I’ve never read an editorial at The Lancet this furious:
Here’s the thing: the man after whom the landmark Supreme Court decision striking down state laws restricting marriage to a man and a woman is named is not indulging in hyperbole:
Supreme Court decisions, like essays written for an English class, reflect the will, prejudices, and desires of their writers. Justices have reactions to cases, then ask their clerks to find the precedents.
Cruelty and caprice are bedfellows, hence the ravenous appetite for random targets. Reluctant to attack gay and lesbian relatives until Obergefell becomes the Sinister Six’s next disemboweling, conservatives have turned to trans men and women.
The situation in Florida (the state with the prettiest name!) continues to wither if citizens don’t belong to a governing majority that despises public education but would support shipping their teething child to Siberia at six months if men could get pregnant. HB 1557, which wants to ensure elementary schools ignore the pleas of gay,Continue reading “The expanding attack on queer Americans”
I love reading biographical horrors like this about Ginni Thomas because I couldn’t make up the density of detail on my own without readers accusing me of luridness:
I’m not a lawyer, but I play one on HTV. It’s my understanding that federal agencies have broad enough mandates to anticipate public health crises and situations requiring swift action because Congress, rightly, cannot predict their occurrences. Seeing an opportunity to undue an administrative state with roots in the Great Society and New Deal, ChiefContinue reading “The ‘nihilism’ and ‘armchair epidemiology’ of the Supreme Court majority”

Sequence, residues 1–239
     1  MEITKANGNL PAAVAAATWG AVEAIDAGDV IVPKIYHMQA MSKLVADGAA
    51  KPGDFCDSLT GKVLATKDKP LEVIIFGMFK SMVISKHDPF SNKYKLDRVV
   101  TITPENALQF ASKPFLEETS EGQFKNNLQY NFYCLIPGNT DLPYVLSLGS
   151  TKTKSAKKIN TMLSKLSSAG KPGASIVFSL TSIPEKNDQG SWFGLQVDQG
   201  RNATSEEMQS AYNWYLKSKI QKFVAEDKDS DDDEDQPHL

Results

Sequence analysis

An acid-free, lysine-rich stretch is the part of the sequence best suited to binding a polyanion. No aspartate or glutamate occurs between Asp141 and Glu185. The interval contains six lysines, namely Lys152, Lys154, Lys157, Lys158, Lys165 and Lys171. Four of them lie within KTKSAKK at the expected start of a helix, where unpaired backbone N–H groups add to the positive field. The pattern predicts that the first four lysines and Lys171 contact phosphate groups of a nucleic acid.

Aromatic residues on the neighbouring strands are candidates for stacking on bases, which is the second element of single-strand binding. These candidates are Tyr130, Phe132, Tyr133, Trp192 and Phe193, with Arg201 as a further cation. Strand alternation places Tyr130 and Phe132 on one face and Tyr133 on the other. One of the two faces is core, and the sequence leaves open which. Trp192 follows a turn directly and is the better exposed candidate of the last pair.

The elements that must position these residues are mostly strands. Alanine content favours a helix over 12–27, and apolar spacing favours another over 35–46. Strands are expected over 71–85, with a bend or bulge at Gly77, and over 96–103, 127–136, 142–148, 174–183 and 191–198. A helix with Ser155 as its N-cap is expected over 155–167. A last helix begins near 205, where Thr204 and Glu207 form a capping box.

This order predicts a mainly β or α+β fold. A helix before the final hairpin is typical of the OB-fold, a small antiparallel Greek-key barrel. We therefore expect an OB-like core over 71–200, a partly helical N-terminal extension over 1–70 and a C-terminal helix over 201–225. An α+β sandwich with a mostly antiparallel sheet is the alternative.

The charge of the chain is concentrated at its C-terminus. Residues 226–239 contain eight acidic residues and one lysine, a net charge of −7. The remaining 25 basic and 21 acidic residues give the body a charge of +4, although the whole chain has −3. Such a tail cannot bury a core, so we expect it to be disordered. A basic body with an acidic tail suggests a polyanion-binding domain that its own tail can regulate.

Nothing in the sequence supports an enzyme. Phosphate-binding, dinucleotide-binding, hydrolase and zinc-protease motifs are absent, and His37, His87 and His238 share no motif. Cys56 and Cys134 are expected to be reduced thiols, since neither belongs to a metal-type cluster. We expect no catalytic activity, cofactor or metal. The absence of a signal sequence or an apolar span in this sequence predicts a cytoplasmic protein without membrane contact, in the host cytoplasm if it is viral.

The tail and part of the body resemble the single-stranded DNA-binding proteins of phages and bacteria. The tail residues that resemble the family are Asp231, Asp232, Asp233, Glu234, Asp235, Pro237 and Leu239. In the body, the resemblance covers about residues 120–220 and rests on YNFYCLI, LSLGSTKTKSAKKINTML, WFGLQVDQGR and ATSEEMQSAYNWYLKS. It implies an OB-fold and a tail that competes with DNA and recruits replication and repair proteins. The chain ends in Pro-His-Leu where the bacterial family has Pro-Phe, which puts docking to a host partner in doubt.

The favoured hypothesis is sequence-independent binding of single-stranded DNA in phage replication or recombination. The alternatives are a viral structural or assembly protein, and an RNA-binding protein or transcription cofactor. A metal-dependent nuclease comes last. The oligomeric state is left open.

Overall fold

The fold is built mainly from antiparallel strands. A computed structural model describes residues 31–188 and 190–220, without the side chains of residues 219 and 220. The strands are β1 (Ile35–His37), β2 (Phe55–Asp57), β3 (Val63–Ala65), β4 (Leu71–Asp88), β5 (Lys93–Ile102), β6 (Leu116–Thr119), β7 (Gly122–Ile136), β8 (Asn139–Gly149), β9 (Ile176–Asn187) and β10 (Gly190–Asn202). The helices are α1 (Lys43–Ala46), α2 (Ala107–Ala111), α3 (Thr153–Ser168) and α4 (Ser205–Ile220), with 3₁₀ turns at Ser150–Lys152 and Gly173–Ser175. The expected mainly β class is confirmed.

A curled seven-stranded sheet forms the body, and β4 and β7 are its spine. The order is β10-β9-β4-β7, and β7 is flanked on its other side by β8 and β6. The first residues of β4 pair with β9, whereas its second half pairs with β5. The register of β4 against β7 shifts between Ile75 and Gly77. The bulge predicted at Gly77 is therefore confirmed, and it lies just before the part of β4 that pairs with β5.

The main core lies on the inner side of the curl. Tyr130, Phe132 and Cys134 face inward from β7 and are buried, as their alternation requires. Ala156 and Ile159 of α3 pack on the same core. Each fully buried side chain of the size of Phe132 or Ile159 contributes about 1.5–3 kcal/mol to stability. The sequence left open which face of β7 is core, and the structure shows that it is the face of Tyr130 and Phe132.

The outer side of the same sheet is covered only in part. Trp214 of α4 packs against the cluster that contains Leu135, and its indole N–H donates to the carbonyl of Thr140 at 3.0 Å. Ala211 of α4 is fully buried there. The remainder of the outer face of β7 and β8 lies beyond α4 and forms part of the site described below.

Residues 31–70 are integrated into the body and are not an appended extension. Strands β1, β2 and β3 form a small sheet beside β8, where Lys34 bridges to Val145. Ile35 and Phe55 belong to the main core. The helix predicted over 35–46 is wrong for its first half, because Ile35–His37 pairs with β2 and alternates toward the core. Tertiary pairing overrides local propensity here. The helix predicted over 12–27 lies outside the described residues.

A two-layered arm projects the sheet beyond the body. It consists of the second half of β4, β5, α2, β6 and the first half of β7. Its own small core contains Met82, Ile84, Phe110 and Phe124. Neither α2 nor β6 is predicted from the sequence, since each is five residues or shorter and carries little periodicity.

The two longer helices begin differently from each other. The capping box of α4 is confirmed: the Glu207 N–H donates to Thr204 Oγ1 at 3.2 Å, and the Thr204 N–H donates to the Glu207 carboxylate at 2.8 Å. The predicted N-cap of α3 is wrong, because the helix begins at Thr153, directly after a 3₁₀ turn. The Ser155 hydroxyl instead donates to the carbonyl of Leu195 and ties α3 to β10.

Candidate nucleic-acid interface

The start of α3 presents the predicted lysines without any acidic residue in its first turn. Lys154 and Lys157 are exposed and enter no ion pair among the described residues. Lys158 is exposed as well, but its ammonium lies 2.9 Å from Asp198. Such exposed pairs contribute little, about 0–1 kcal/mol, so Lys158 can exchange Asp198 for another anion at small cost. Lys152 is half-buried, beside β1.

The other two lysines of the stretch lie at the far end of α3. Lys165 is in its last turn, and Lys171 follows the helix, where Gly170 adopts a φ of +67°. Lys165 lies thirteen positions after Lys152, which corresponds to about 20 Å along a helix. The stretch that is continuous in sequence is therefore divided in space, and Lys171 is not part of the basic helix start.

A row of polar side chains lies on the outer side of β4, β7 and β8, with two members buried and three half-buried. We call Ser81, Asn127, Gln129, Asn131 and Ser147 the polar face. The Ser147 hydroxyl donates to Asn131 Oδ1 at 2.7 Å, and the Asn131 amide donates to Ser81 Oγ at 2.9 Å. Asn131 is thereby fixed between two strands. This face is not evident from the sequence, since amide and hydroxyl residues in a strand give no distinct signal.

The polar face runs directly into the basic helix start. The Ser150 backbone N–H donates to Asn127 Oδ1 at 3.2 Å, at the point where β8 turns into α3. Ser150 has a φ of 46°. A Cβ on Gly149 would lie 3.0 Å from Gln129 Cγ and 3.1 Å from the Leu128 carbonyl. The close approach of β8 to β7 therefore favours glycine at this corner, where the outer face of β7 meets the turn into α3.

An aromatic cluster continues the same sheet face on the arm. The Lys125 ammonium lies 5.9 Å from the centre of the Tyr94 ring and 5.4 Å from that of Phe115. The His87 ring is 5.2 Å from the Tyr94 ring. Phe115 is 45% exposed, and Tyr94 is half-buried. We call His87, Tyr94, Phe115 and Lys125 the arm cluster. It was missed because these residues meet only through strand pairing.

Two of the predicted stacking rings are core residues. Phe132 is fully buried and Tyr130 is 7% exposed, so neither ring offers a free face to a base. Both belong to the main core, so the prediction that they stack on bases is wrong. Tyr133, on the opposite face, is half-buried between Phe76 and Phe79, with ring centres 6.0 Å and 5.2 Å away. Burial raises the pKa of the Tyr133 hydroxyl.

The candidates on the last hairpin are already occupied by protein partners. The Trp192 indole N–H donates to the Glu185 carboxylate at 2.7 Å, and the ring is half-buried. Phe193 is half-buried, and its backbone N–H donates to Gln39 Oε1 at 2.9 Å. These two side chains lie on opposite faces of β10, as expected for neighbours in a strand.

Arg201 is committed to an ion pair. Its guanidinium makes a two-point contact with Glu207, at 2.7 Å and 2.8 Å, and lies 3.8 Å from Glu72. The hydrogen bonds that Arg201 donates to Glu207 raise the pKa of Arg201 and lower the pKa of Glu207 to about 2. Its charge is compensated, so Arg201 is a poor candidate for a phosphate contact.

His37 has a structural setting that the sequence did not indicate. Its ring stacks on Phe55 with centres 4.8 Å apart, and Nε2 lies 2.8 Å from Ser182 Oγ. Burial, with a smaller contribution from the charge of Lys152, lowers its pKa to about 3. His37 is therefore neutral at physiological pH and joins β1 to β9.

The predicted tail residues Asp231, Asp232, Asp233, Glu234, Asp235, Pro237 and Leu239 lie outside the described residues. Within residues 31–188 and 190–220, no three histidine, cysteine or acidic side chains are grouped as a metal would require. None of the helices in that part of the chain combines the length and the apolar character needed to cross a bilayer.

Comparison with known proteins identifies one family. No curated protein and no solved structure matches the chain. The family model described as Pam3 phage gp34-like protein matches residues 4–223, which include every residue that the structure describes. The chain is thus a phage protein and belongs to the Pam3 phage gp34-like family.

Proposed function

I don’t deny “education” excited Virginians last Tuesday evening because for many Americans “education” is synonymous with “employment office,” which is to say, a diploma signifies the ability to land meaningful employment. A “good school” is a place where parents can boast about their ability to send or pay for the school or to useContinue reading “Life in these United States: on critical gun theory”
Two quotes from people with a stake in how the Supreme Court abrogated its judicial responsibilities last night by siding with Texas in the abortion case:
I did not go to an Ivy League school. Millions of graduates from respectable community colleges possess an empathy and moral imagination — both are synonymous — greater than Samuel Alito, associate justice of the Supreme Court. His remarks to the Federalist Society this week depended on the infringement on his right to use federalContinue reading “Sam Alito, GOP hack”
In a typically literate, measured, and comprehensive column, Jamelle Bouie explains what the battle over the Supreme Court means for our constitutional rule — a battle, he writes, “taking place in the context of minority rule and incipient democratic failure.”
I’m no lawyer but have always shown interest in the Supreme Court as an institution: its history, personalities, decisions. Not immune to appropriating the language of their enemies, liberals annoy me when they decry “judicial activism” or conservatives when they regard a political document written over two centuries ago as inviolate. Isn’t it funny howContinue reading “The nonsense of originalism”